On my third archaeological site of the day (after the Hopewell Mound City and Hopewell Mound Group sites), and overly confident in my exploration abilities, I got out of the car and followed the short path up to the field. I looked around, looking for what was left of the Hopewell earthen mounds, or a path, or a sign, or something.
I wandered around in the clearing for a bit, then doubled back to the initial path, looking for something I’d missed. I found another path, followed that one instead, and ended up in the same place as before. The whole thing looked more like a scene out of Field of Dreams than an important historical site.
Knowing for sure I’d missed something both times, I went all the way back to the parking lot and studied the posted map. Still not seeing what I’d missed, I pulled a pamphlet out of the box attached to the signpost. A much more detailed map was printed on the back of the pamphlet, revealing a small footpath I’d walked right by twice without noticing.
I went back up the path to where the second trail was supposed to start, and realized why I’d missed it twice in a row. It looks like a small deer trail that leads nowhere but down into the ravine. Not having anything better to go on, I followed the path a ways, and realized that it does not, in fact, go down into the ravine, but rather climbs up a rather steep slope.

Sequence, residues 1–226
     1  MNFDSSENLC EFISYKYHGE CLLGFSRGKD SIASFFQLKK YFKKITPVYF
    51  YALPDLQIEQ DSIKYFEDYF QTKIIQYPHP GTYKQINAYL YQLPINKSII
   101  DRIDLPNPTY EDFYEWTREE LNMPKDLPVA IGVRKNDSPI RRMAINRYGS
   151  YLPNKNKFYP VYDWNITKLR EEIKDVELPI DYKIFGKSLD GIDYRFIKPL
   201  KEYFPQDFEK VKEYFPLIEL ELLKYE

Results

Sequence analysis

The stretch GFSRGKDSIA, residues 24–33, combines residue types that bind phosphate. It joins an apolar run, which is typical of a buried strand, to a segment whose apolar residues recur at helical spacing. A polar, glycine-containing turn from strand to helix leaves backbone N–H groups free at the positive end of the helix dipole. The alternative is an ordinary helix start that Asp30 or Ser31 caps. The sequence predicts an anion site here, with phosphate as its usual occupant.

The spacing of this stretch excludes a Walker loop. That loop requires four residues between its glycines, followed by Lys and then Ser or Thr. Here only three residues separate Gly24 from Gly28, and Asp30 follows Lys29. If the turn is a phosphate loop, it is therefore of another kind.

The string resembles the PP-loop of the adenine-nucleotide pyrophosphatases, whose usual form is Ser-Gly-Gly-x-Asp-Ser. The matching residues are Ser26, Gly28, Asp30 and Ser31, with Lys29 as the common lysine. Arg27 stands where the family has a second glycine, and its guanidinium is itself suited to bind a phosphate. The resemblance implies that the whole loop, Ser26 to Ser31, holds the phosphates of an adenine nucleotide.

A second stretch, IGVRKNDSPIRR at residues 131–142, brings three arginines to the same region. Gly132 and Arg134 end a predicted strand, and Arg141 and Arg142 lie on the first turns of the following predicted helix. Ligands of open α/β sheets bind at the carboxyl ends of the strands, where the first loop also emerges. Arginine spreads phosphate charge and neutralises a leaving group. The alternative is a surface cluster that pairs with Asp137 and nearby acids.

Once I got to the top, though, I saw what I expected to see.
The Hopeton Earthworks are a part of the Hopewell Culture National Historical Park, and have only recently been opened to the public (when I visited, the website still said it was closed, but the park ranger at the visitor center told me to go). Up until recently, archaeological and restorative work was being carried out on the site, but it’s finally ready for visitors.
Like the Hopewell Mound Group site, the mounds at the Hopeton Earthworks have fallen victim to the plows of the local farmers, and no longer stand. However, that doesn’t mean that all traces of the Hopewell people are lost at this site. With the help of modern technology, such as LiDAR (laser imaging technology), GPS, and magnetic surveying, archaeologists have been able to recreate computer images of the site and determine where the mounds once stood.
When the mounds were still standing, back in the 19th century, they were subject to looting. Much of the artwork and artifacts that they suspect were there have been lost to the tides of time and the black market. Despite all that, archaeologists have been able to tell quite a bit about this site.
For instance, it’s the only Hopewell site in the area that does not contain burials. The other sites contain graves, which have been by and large protected over time since they were actually under the mounds, not inside them. This site has no such graves. It also has almost no evidence of human occupation at all, leading archaeologists to believe that this was a site used solely for rituals or ceremonies, and not for day-to-day living.
The mounds also formed geometric shapes. While the Hopewell Mound Group site was clearly planned using geometric principles, the Hopeton Earthworks are overtly geometric. There are two main constructions, both walls: a large circle, which archaeologists dub the “Great Circle,” and a very nearly perfect square. Both of these constructions were massive in scale, with archaeologists estimating that the walls were about 50 feet wide and 12 feet high.